This was a submission I made for Machine of Death 2 that didn’t get chosen because it’s kinda crappy!
“There! I told you it was there!” shouted Jacob. He pointed down at the red blip on his console and hopped around enthusiastically. He smashed his palm into a large blue button overhead, and the metal visor shielding the cockpit of his ship slowly slid away revealing the dark, rotating mass of the black hole looming before them. On the outskirts of the swirling arms slowly being sucked into its event horizon, a small glint reflecting the nearby white dwarf shimmered off a panel of glass.
Jacob stood on his toes to get a better glimpse over the console. “It looks like it’s already in a degrading orbit,” he said matter-of-factly. “Can we get any closer, Z?” he asked, turning to his companion.
Zeram’s eyelids blinked quickly over his solid black corneas. He shook his slender, scaled head tightly and typed a few quick strokes with his four fingers into a console located on his left armband. “No further,” said a computerized voice emanating from the ship’s speakers.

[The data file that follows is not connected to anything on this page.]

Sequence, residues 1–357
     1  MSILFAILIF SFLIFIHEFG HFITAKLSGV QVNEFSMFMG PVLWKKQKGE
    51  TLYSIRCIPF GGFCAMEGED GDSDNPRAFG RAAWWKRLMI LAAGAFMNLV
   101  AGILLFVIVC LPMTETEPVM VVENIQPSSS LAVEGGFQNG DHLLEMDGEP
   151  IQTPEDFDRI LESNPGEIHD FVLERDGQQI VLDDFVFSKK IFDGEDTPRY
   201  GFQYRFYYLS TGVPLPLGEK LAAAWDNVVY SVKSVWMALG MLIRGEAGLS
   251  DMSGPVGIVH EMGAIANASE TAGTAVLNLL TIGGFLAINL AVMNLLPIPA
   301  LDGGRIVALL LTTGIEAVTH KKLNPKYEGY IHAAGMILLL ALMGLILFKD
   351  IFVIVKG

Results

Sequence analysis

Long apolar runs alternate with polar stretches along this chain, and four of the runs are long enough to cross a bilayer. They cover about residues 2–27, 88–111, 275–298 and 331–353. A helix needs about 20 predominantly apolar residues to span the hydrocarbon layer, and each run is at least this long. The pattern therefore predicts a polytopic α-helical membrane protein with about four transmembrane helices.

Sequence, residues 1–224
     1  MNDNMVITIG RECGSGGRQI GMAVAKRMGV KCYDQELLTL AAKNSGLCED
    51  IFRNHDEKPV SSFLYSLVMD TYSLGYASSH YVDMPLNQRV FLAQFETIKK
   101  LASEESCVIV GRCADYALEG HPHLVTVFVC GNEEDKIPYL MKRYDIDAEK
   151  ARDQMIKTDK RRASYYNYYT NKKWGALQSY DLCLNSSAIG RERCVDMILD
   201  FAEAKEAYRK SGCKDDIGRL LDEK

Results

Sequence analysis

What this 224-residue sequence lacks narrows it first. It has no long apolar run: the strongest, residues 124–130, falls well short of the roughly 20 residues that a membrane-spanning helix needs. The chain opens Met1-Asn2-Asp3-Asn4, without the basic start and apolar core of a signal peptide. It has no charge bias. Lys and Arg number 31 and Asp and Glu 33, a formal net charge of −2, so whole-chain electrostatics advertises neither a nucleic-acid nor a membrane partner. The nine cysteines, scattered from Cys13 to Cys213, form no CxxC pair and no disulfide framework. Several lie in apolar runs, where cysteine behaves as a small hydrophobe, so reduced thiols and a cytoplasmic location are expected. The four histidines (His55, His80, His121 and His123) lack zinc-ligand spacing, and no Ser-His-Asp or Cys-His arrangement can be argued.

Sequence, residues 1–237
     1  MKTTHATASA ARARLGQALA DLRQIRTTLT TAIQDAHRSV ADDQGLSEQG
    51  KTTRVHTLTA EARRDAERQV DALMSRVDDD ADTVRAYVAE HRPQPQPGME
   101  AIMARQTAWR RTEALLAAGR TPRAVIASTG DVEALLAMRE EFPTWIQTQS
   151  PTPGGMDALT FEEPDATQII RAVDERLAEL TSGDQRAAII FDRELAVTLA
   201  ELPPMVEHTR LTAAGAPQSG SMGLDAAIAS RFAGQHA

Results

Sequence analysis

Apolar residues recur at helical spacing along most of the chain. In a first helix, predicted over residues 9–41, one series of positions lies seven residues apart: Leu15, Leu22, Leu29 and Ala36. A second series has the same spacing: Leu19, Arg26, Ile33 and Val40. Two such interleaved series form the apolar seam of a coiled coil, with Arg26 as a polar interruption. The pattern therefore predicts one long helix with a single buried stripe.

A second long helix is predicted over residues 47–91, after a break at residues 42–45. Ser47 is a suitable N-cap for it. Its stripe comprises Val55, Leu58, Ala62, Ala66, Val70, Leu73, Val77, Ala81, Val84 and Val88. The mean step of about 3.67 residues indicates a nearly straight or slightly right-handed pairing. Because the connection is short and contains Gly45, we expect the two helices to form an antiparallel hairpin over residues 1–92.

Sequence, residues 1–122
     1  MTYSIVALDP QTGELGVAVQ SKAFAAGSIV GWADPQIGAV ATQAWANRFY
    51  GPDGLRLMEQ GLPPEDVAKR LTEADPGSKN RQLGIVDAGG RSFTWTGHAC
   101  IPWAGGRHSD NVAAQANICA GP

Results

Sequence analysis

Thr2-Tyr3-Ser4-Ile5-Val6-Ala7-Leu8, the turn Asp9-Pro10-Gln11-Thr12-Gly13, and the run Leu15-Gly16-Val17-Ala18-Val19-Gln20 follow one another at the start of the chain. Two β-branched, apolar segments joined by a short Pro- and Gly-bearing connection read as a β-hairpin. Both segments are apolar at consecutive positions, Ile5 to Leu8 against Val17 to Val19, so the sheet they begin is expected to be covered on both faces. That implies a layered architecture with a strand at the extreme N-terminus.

Jacob sighed and nodded. He looked back out the window at the ship floating on the outskirts of the event horizon and squinted his eyes. He put his hand to his chin in thought and quickly turned back to Zeram. “We can use the quantum teleporter!” he said emphatically.
Zeram stared straight at Jacob and typed, “Not the mission.”
Jacob rolled his eyes. “Z, how often do you run across an alien spaceship in the middle of nowhere?” Zeram continued staring at him and Jacob looked away sheepishly after a few moments. “Don’t give me that look! You know what I mean. So… How about that quantum entanglement, huh?” He nudged Zeram in whatever passed as a gut for the Dilaxians.
Zeram tilted his head in thought and nodded and typed, “Okay.”
“Then let’s do this!” Jacob replied and an enormous grin came over his face. He popped his hand back up to hit the blue button and the visor expanded back over the cockpit.